Rail: Cleveland, which I know fairly well because I taught there had the great Asian collection because of Sherman Lee.

Brettell: It’s one of the many American art museums that have great Asian collections, because Asian civilization is viewed by European civilization as being of equal refinement, and that’s not true of Pre-Columbian civilization, and it’s not true of African nor South Asian nor Middle Eastern. It was harder for us because we didn’t have that. The number of buildings that we had available were for the Americas, the others, which is Asia and Africa, and then Europe, and then the time without place, Contemporary Art, where it matters less where something was made than when something was made. Of course we had major arguments. The American-Indian advisory committee was all over me, because I didn’t want to put Native American contemporary art in the Contemporary building. And I was probably wrong to have done that because I was at that time not interested in identity art.

Rail: If anything the newer museums can innovate better than the older ones, because if I look at the Met, the Met can do lots of things. Ok, it’s got money and energy, but there’s no way the Met could—

Brettell: Rearrange—

Rail: Europe has got to be at the top of the stairs.

Brettell: It’s interesting to me that politics of the Left and the Right, because in the privileging of movement in the Met, you go to the oldest first, which is Egypt, and then you go to the second oldest, which is Greece and Rome, on one level. And, you know, the Americas are way back there, and then the primitives of various sorts are another saddle bag on the side. What do they do? They would have to close for three years and empty everything out, and nobody would like it. But when you are in a new city you can do more than tweak things.

Rail: I have a question which very much seems to be about your career, the curators versus the art historians. The curators are more important?

Brettell: They were. They aren’t. Because they became too important in their context of the museum, and the relationship among them and between them and the leadership became strange, because they had real connections to the trustees, which means that they could create situations in which the director was put in an awkward position. And so what happened is that this whole other bureaucracy was created. I mean, when I was a curator at the Art Institute, we were the most powerful people in the museum without any doubt. When I left only eight years later there were enormous education departments, and fundraising, we were one group amongst many other groups who determined what an exhibition would be and how it would be shown.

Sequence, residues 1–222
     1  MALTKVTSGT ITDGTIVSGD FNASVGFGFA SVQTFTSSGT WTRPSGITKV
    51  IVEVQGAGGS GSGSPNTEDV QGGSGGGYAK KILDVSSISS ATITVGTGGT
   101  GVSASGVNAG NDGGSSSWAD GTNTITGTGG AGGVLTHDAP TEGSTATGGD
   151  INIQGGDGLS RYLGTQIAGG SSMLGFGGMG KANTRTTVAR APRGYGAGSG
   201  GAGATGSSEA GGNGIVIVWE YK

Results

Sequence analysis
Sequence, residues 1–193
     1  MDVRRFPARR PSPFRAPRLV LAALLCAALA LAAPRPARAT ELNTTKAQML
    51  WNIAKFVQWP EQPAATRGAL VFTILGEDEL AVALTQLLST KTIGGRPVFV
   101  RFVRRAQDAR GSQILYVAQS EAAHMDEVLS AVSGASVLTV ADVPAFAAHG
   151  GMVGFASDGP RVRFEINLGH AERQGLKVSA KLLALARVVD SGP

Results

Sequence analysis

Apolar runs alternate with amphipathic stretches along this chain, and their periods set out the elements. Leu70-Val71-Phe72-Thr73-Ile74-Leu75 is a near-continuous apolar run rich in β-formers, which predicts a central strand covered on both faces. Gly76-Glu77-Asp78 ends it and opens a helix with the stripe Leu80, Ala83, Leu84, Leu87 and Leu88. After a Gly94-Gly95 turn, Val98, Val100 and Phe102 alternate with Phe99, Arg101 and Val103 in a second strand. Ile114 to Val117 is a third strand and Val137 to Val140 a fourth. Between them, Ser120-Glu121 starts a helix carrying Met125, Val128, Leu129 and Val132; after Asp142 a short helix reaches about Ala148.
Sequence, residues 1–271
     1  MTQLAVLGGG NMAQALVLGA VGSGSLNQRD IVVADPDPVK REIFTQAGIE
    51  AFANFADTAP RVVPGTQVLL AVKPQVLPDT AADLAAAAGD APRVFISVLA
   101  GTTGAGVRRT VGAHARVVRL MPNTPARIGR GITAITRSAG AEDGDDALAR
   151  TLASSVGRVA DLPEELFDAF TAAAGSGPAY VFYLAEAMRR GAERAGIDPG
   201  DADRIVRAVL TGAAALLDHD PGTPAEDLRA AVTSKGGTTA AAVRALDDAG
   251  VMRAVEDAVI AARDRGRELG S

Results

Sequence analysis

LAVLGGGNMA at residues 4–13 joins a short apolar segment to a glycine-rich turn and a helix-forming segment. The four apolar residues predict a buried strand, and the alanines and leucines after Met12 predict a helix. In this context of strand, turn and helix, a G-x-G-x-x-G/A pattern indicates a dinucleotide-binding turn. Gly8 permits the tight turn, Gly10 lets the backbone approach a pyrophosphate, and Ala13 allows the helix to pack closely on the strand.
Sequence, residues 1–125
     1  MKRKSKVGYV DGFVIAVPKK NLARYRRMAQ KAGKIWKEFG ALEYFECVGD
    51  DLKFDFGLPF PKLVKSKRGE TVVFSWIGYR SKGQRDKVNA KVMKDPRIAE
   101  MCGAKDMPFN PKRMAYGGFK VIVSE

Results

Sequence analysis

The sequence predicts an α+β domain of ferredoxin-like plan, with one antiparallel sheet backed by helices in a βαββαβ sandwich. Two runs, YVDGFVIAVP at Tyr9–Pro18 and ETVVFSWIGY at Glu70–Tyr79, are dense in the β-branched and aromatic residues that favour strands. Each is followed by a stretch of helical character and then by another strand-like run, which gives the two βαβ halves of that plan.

Rail: And does this tie into this larger development that the idea of a curator or director writing has completely disappeared?

Brettell: I always wrote, but I am one of the few.

Rail: In the Pierre Rosenberg interview, he said, “I don’t take vacations,” he said, “I don’t like vacations. That’s how I wrote.”

Brettell: It’s the same with me. I mean, why do we come here to Williamstown? Because there is a great art library, there’s a lot to do and it’s very invigorating and we are not at home, so…

Rail: So you can work. For you that tradition is not obsolete. But for curators and directors, you don’t expect directors to be writing books, to be writing, no?

Brettell: Most directors—it’s like the president, he doesn’t write his own speeches, they are written for him by somebody else. All these prefaces, which is what museum directors write, they are not written by the museum director. My people in the Dallas museum were stunned that I wrote all my own prefaces and introductions.

Jim Wood was the sensibility of the Art Institute. The buck stopped, you bought or didn’t buy things because he liked them or didn’t like them. And we all knew that—it was his museum, he was the sensibility of the museum, and we could get him to change his mind about things, but—and it’s not like that anymore.

I work for a state university, you cannot do what you want to do. There are all these bureaucratic roadblocks set up, so it’s futile to think I would—we would really like to hire so-and-so, because it’s—you know, the task of doing that takes so much time and energy and it’s not worth it. I just wrote an appreciation obituary for one of the men who created the Arts of Man exhibition in 1962, at the DMA. And the Dallas Museum of Fine Arts, as it was then called, had 13 employees, and all employees—the guards and everybody—did everything. And they did tons of stuff that we couldn’t get 13 people to do today if their life depended on it. In short deadlines, and, you know, there was a simpler world, it is not the world in which we live now.